The National Academy of Sciences was established in 1863 by an Act of Congress, signed by President Lincoln, as a private, non- governmental institution to advise the nation on issues related to science and technology. Members are elected by their peers for outstanding contributions to research. Dr. Marcia McNutt is president. The National Academy of Engineering was established in 1964 under the charter of the National Academy of Sciences to bring the practices of engineering to advising the nation. Members are elected by their peers for extraordinary contributions to engineering. Dr. C. D. Mote, Jr., is president. The National Academy of Medicine (formerly the Institute of Medicine) was established in 1970 under the charter of the National Academy of Sciences to advise the nation on medical and health issues. Members are elected by their peers for distinguished contributions to medicine and health. Dr. Victor J. Dzau is president. The three Academies work together as the National Academies of Sciences, Engineering, and Medicine to provide independent, objective analysis and advice to the nation and conduct other activities to solve complex problems and inform public policy decisions. The National Academies also encourage education and research, recognize outstanding contributions to knowledge, and increase public understanding in matters of science, engineering, and medicine. Learn more about the National Academies of Sciences, Engineering, and Medicine at www.national-academies.org. The Transportation Research Board is one of seven major programs of the National Academies of Sciences, Engineering, and Medicine. The mission of the Transportation Research Board is to increase the benefits that transportation contributes to society by providing leadership in transportation innovation and progress through research and information exchange, conducted within a setting that is objective, interdisciplinary, and multimodal. The Boardâs varied committees, task forces, and panels annually engage about 7,000 engineers, scientists, and other transportation researchers and practitioners from the public and private sectors and academia, all of whom contribute their expertise in the public interest. The program is supported by state transportation departments, federal agencies including the component administrations of the U.S. Department of Transportation, and other organizations and individuals interested in the development of transportation. Learn more about the Transportation Research Board at www.TRB.org.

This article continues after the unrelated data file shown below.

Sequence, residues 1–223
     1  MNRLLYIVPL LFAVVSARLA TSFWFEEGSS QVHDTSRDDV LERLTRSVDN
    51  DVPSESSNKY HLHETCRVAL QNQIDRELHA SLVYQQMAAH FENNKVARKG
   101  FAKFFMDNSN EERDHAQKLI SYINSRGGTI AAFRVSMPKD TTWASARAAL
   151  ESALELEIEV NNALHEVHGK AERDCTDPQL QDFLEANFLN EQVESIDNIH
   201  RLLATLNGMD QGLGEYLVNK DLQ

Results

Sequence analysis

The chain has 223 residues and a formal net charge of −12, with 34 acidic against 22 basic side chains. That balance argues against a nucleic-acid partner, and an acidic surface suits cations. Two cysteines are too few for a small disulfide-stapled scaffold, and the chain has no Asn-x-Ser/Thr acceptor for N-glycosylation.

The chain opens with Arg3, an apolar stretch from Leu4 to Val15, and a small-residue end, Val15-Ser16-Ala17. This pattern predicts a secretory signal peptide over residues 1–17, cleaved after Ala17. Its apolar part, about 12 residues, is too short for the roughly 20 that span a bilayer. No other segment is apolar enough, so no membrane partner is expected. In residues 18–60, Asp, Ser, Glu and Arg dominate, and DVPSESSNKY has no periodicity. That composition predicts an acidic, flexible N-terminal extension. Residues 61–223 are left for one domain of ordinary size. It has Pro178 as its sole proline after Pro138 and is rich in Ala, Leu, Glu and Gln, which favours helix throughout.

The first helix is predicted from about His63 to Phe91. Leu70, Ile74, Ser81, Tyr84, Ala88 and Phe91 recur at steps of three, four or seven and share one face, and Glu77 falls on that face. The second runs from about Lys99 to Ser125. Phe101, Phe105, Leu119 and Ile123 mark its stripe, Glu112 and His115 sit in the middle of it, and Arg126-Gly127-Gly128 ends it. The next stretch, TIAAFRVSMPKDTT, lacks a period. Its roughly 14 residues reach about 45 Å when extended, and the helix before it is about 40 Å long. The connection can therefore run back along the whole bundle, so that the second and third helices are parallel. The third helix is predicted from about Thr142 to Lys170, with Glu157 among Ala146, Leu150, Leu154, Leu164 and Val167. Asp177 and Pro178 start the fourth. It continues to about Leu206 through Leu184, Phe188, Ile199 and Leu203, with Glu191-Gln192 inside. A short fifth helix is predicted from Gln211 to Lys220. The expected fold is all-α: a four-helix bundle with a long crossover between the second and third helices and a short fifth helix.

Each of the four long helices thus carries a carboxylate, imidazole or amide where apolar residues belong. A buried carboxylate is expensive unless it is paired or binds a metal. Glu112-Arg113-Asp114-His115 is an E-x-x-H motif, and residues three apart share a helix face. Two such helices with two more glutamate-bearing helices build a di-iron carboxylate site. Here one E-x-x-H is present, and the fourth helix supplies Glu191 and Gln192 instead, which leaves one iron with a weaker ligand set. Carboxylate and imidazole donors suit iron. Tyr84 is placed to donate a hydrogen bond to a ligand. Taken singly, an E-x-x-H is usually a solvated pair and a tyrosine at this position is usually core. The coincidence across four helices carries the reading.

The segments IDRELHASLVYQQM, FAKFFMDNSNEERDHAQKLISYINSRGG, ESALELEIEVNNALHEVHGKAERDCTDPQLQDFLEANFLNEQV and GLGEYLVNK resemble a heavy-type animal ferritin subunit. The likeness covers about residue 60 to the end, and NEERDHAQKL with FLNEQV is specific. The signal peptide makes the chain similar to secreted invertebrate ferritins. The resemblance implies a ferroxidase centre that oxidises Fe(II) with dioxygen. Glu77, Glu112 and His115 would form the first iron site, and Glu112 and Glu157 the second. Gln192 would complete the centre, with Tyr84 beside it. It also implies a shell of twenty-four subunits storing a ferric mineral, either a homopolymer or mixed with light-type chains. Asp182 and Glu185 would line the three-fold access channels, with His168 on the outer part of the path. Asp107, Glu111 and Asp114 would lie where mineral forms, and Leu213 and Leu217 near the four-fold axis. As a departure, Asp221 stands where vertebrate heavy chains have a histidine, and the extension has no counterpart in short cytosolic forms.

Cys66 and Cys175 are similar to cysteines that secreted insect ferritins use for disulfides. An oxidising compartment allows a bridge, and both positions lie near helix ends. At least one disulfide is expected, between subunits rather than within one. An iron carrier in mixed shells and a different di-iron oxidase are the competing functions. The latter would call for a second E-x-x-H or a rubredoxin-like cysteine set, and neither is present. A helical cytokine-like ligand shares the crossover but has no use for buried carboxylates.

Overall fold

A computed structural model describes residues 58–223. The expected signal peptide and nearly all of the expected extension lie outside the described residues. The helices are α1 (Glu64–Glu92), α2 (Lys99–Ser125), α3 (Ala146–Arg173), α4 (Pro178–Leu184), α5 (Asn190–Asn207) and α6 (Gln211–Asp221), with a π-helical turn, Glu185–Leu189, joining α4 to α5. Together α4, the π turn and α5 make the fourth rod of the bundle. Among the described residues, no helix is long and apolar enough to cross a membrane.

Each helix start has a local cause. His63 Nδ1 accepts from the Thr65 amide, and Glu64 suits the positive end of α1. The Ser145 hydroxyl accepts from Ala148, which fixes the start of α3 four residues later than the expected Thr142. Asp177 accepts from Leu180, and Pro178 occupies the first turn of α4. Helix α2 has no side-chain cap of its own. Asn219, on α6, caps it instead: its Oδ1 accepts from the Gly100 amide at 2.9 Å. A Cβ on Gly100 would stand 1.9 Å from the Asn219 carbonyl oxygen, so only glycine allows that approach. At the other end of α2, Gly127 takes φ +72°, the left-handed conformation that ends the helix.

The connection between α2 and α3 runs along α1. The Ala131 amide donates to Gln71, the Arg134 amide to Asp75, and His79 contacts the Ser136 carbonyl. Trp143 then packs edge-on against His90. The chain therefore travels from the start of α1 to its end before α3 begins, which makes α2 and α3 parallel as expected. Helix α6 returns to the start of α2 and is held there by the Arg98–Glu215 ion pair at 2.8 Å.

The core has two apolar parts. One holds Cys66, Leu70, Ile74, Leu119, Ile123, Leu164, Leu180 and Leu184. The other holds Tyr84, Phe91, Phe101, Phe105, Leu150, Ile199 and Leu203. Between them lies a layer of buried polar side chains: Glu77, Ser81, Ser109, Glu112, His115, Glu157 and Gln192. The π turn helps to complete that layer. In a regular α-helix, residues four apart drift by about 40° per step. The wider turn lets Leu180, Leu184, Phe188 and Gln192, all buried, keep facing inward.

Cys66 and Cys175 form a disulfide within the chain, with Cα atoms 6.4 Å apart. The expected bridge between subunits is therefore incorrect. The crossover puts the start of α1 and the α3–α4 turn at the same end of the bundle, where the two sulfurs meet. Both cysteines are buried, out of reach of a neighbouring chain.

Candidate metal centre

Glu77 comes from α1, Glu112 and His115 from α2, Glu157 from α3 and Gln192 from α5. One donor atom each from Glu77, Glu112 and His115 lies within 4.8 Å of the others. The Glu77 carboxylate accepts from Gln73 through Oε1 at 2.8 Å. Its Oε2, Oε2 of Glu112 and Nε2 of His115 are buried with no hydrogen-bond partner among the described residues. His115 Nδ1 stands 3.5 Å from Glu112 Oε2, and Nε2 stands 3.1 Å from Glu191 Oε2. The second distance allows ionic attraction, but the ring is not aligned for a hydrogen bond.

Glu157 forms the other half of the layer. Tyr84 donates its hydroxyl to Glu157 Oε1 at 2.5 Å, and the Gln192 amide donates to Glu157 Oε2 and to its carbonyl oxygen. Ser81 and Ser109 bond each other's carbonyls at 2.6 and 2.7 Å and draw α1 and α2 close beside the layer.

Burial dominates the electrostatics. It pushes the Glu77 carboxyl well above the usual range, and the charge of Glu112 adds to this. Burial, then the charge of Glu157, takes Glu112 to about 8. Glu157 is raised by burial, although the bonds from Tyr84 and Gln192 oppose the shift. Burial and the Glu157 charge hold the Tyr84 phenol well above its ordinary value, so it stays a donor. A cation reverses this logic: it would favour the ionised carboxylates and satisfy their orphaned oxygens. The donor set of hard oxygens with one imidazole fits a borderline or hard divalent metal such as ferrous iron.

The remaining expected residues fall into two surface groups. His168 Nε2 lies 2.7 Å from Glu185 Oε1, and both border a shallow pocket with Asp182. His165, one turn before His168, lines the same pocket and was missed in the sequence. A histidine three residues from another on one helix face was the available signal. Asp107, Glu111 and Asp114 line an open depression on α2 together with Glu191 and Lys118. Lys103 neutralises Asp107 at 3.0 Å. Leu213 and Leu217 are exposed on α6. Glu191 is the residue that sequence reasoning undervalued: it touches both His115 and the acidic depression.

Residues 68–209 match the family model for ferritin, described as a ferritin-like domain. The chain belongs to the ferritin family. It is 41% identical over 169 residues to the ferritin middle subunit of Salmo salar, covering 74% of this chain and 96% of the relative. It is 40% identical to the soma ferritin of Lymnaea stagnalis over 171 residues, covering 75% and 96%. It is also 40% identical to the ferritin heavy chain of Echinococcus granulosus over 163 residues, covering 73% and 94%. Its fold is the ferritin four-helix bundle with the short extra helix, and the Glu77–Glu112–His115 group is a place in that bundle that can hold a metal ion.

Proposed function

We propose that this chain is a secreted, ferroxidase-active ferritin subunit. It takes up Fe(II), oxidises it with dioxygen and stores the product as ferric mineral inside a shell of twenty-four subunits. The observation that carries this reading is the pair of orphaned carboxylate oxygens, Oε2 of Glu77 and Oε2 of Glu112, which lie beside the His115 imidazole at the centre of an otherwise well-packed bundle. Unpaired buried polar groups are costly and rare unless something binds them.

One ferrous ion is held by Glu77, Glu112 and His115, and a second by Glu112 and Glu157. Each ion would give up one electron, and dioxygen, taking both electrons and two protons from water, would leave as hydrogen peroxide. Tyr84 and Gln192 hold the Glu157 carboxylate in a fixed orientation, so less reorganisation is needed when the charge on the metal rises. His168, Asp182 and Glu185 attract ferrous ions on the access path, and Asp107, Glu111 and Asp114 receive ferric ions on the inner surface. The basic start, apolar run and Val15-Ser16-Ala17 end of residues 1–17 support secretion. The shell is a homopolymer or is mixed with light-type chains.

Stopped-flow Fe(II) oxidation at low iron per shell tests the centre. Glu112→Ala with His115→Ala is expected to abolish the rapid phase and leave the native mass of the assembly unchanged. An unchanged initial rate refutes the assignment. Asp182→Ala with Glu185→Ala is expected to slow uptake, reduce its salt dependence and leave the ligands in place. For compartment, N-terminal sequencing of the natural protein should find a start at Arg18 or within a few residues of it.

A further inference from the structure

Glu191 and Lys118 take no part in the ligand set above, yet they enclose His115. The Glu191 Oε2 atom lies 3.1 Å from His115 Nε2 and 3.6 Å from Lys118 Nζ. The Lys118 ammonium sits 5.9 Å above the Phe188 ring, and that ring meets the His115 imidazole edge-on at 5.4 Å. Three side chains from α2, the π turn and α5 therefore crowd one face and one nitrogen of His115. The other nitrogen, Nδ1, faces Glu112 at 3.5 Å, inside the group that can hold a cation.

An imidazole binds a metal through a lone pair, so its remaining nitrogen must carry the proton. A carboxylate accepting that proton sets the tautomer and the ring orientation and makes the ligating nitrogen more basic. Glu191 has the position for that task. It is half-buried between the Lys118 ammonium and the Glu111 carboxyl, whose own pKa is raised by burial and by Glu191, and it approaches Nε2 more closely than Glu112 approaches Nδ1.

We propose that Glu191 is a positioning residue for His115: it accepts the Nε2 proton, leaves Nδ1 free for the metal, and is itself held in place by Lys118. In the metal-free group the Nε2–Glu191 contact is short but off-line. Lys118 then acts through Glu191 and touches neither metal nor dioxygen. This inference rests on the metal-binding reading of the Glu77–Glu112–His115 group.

C O O P E R A T I V E R E S E A R C H P R O G R A M S AUTHOR ACKNOWLEDGMENTS The research reported herein was performed under NCHRP Project 15-52 by the Kentucky Transpor- tation Center at the University of Kentucky and Nelson\Nygaard. The University of Kentucky was the contractor for this study, and Dr. Nikiforos Stamatiadis, Professor of Civil Engineering, was the principal investigator. The other contributing authors of this report are Adam Kirk, Don Hartman, Jeff Jasper, Samantha Wright, Michael King, and Rick Chellman. The members of the Working Advisory Group have also provided continued input and assisted the team in refining the proposed classification scheme. The team expresses its gratitude to Mr. Scott Bradley, Minnesota Department of Transportation (DOT); Mr. Pasco Bakotich, Washington State DOT; Mr. Robert Koehler, OhioâKentuckyâIndiana (OKI) Regional Council of Governments; and Mr. John Moore, Kentucky Transportation Cabinet, for their reviews and guidance. The authors would also like to acknowledge all members who participated in the survey. We would also like to thank the members of the AASHTO Subcommittee on Geometric Design and its Chair, Mr. Jeff Jones, for their input in this process. Finally, the contribution and guidance of the NCHRP Project 15-52 panel should be mentioned. With- out their hard work and diligence in providing comments, this work would not have been successfully completed. CRP STAFF FOR NCHRP RESEARCH REPORT 855 Christopher J. Hedges, Director, Cooperative Research Programs Lori L. Sundstrom, Deputy Director, Cooperative Research Programs B. Ray Derr, Senior Program Officer Charlotte Thomas, Senior Program Assistant Eileen P. Delaney, Director of Publications Natalie Barnes, Associate Director of Publications NCHRP PROJECT 15-52 PANEL Field of DesignâArea of General Design Frederick C. Dock, City of Pasadena DOT, Pasadena, CA (Chair) Stanley W. Wood, Massachusetts State DOT (retired), Ipswich, MA Leigh Blackmon Lane, Louis Berger Group, Raleigh, NC Anthony J. Buczek, METRO, Portland, OR John P. Donahue, Washington State DOT, Olympia, WA Daniel M. Dulaski, Northeastern University, Boston, MA R. Marshall Elizer, Jr., Washington State DOT, Olympia, WA Mubeen S. Quadri, Ohio DOT, Columbus, OH Brooke Struve, FHWA Liaison Stephen F. Maher, TRB Liaison